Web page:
Shellie Zacharia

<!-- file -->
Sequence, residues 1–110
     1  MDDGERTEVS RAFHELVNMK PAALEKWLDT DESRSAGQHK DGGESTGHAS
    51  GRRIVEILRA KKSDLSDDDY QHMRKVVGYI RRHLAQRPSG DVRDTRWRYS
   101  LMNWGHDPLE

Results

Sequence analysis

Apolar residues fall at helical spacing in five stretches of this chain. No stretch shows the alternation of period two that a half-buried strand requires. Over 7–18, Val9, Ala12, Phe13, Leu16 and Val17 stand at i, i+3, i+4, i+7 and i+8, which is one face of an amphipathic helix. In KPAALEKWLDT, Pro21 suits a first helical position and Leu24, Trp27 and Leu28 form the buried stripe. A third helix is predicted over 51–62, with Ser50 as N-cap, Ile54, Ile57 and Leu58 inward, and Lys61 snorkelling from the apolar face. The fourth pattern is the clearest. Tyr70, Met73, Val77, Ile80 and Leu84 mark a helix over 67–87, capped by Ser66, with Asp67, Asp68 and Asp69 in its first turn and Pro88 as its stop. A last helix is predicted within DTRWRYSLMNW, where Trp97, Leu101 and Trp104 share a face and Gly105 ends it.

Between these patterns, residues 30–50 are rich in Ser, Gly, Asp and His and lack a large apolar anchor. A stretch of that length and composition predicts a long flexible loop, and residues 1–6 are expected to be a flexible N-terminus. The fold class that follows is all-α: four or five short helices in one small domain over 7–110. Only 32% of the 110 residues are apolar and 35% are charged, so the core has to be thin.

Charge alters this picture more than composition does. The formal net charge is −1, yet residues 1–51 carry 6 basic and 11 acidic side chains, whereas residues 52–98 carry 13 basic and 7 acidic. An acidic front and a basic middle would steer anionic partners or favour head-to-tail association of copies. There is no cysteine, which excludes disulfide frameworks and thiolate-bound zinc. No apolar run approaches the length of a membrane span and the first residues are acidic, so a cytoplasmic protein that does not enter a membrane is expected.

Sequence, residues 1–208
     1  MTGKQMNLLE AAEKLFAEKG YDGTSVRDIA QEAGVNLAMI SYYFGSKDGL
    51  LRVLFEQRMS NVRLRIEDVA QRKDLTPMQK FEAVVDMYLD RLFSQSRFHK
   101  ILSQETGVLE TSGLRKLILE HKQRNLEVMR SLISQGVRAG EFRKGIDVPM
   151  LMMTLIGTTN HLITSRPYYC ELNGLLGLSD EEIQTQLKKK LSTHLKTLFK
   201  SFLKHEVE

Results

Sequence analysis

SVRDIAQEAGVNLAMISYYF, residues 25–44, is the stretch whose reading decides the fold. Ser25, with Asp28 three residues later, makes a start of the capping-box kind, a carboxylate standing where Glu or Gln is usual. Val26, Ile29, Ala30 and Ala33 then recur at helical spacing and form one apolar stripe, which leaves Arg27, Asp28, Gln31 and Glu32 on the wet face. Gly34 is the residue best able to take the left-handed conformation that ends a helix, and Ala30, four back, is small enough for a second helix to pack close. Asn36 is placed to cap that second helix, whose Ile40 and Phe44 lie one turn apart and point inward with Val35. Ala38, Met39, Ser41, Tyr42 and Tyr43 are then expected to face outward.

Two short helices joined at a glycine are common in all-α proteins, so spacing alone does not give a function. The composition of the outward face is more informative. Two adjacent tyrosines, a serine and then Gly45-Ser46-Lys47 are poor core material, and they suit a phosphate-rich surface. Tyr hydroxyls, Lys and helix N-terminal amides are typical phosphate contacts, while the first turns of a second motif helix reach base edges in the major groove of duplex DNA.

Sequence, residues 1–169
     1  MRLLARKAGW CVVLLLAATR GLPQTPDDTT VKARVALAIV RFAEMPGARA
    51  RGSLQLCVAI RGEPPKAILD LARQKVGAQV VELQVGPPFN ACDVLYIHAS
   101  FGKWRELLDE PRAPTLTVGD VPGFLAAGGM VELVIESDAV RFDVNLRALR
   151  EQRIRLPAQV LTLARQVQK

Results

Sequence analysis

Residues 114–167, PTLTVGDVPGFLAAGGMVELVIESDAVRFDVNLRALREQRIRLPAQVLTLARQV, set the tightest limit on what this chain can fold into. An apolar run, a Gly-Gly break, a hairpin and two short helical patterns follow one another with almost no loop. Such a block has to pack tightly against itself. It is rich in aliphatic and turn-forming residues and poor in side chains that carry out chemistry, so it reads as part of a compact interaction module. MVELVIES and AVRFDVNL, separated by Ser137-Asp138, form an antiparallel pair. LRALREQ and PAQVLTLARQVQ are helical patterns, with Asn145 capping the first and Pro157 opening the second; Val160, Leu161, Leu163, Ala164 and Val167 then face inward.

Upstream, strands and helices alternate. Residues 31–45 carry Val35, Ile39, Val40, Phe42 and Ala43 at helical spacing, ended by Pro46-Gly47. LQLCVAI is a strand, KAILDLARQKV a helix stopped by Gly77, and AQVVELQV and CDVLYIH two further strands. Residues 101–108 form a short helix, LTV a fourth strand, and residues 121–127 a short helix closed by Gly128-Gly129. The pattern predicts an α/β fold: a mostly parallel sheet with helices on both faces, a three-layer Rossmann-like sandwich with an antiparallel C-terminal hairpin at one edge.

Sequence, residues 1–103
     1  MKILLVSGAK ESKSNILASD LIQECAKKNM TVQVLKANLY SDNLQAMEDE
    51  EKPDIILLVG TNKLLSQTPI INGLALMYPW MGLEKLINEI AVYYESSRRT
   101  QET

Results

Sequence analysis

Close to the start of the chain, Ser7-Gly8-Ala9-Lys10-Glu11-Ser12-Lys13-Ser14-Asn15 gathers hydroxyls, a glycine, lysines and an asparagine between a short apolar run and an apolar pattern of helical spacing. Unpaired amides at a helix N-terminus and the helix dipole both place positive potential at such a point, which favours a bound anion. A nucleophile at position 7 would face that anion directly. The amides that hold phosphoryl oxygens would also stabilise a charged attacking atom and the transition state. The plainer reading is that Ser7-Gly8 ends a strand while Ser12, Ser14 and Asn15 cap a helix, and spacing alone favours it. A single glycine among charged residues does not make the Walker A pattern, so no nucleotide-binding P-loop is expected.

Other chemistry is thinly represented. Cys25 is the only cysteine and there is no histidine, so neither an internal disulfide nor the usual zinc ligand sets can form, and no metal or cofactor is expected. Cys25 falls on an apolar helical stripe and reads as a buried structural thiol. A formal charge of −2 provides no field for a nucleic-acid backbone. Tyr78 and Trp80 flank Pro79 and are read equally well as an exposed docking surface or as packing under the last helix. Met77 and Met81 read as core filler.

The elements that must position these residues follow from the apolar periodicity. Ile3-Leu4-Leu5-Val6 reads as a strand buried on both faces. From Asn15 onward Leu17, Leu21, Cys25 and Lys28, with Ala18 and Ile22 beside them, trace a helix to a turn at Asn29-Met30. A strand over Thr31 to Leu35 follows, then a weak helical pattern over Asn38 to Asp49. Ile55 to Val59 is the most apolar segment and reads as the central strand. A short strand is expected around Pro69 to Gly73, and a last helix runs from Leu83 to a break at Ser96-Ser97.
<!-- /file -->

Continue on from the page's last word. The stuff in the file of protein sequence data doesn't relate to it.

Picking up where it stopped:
I want a boy with a red truck, a boy with a black dog he lets ride in the back of the truck. I want this boy who wears flip flops on Saturdays, and maybe sometimes cowboy boots on Fridays, but not the shiny ones with really pointy toes, no not those, and sometimes the black dog sleeps curled on the front porch of his house, which is on acres of land, and there's a book and a bottle of red wine on a table on the porch, right next to a rocking chair, where he sat reading and drinking, right before he got in his truck to come pick me up, and when I run out the front door and hop in next to the boy who smells like fire and soap, I tell him I've painted my toenails scarlet just for him, and we head down to the overlook, where we lie down on an old quilt that I won't ask about, and we watch the stars and he points out constellations because he knows things about earth and water and sky, and he asks if it's all right if he kisses me, and I say yes even though I should say no, and later he asks, "What is it you like about me?" and I say, "Your truck," and he says, "No, tell me," and I say, "Your dog," and he says, "You aren't telling the truth," and I say, "It's too late for that."